CHAMPAIGN – When school bands stopped playing in areas of the south hit by hurricanes Katrina and Rita, it wasn't for lack of emotion. It was for lack of instruments.
Through an instrument fund drive, members of the University of Illinois Student Chapter of the National Band Association are trying to bring back the music.
"They lost all their instruments through the water damage," said Brianne Shadensack, president of the Illinois chapter. "It's impossible to have a band class when you don't have instruments.
Many of the students who will receive instruments go to Hancock High School in Kiln, Miss., said University of Mississippi associate director of bands Gary Adam in a phone interview from his home in Hattiesburg.
"Because of the devastation, families with little or no income, they're unable to get instruments," Adam said. "They choose living conditions."
Since there are already many resources for food and clothing in the area, the university's school of music, with help, is trying to help put some fun and learning into the hands of young people.
"Not only are students getting to read (music) and participate in band," Adam said, "they're getting to participate in an artistic endeavor."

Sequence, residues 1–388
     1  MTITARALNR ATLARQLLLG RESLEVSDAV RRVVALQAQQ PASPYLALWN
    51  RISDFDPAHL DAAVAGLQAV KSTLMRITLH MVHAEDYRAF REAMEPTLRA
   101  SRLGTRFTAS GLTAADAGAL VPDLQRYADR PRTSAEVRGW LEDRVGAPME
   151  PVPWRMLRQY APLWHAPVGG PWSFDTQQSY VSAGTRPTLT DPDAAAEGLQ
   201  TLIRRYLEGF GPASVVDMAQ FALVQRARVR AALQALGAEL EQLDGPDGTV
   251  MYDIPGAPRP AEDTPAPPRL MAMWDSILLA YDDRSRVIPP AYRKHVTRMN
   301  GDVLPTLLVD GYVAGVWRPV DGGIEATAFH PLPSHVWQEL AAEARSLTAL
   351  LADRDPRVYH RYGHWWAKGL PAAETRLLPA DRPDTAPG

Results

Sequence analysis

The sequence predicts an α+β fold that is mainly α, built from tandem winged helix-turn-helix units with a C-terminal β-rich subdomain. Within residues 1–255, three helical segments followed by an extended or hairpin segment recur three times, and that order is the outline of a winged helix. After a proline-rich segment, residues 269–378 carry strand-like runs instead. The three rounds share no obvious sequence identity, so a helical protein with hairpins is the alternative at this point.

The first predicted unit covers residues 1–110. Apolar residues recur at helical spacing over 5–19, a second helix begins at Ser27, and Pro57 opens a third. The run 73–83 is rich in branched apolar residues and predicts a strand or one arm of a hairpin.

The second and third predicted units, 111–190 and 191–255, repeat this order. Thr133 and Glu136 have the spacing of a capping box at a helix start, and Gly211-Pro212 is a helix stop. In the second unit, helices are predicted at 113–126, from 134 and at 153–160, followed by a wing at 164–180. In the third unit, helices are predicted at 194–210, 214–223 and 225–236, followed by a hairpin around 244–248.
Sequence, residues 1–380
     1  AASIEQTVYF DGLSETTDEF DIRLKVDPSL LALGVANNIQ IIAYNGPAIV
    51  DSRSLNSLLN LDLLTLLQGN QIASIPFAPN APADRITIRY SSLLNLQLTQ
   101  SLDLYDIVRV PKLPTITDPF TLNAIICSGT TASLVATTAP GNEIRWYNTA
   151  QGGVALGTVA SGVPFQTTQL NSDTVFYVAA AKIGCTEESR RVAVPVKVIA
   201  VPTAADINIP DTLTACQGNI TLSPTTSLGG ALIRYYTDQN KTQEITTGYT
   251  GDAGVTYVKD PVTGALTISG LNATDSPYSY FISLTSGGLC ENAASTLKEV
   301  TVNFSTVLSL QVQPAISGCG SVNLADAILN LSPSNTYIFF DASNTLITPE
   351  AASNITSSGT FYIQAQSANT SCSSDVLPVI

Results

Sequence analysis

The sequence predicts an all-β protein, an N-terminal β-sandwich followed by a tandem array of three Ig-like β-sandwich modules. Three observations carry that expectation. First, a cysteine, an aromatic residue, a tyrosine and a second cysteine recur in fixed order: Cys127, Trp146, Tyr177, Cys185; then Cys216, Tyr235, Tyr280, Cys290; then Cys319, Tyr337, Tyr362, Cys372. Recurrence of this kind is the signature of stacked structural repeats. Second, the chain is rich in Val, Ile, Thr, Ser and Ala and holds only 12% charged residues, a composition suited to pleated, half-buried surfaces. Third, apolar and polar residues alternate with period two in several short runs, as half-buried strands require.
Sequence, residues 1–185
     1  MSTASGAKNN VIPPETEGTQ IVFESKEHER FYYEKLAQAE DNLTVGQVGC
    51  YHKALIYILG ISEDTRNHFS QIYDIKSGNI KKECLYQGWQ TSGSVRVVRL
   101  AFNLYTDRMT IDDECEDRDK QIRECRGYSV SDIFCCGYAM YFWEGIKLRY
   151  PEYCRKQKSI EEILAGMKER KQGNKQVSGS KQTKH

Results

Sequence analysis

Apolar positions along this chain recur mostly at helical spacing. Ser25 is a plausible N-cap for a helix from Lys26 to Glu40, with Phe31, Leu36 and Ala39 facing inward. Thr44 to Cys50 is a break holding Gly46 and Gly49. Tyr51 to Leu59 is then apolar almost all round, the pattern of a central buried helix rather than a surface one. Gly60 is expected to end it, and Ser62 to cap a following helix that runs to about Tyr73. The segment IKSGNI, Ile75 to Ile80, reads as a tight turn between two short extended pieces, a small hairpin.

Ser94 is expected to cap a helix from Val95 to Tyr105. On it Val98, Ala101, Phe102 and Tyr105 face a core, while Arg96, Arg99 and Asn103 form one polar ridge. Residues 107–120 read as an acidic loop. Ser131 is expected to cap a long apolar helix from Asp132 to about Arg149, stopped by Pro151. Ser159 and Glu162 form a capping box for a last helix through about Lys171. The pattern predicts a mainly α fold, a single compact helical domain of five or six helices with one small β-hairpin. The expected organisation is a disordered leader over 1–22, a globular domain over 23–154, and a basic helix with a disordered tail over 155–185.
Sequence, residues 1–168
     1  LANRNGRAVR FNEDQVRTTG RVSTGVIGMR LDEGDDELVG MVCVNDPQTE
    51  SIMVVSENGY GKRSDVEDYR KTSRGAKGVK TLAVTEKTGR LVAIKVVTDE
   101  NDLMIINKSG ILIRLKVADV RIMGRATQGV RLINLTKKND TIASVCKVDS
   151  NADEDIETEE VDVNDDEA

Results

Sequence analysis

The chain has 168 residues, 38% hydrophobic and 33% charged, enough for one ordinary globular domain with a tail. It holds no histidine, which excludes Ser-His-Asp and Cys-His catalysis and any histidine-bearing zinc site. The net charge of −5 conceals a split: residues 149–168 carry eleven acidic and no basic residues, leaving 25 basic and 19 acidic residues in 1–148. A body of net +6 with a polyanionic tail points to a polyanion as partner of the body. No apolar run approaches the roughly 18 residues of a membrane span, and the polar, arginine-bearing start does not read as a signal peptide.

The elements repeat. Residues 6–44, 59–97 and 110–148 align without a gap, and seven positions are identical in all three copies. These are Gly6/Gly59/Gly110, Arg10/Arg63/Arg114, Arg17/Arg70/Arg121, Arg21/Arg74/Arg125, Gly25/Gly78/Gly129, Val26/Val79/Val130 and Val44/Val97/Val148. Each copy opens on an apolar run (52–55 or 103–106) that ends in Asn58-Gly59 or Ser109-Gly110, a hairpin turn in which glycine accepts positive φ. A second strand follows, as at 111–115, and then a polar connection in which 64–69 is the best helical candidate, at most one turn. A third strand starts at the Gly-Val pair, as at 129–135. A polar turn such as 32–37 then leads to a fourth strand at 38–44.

Through University of Mississippi contact with Peter Griffin, UI associate director of bands, UI students like Shadensack are working toward that goal, as well.
As a music education major, Shadensack was immediately interested in helping with the drive.
She feels band is a big part of American culture, and arts education is important for the development of young people – as is continuity after such disruptive events as hurricanes Katrina and Rita.
The drive started Nov. 1, the beginning of American Music Month, and runs through Dec. 2, in part so students can retrieve old instruments from home when they visit their families for Thanksgiving.
People can bring any spare or out-of-use band instruments to 140 Harding Band Building at 1103 S. Sixth St., C., between 8:30 a.m. and 5 p.m.
They can also mail them to the National Band Association at the same address.
"If someone's got a trumpet or a clarinet in their attic – those are what we're after," Shadensack said. "We'll take as many as we can get."
After the collection ends, the instruments will be sent to Hattiesburg. There, local business Mississippi Music Inc. will donate cleaning and repair services for the used instruments before they will be given away.
The UI group has already received or been promised 13 instruments.
Shadensack is hoping that by Dec. 2, the drive will collect enough to fill a truck, she said. "That would be wonderful if we can get that many."
For his part, Adam is already overwhelmed by the UI Band's response.
"To wish for the music-making to continue by sharing those instruments with students in southern Mississippi is really very moving."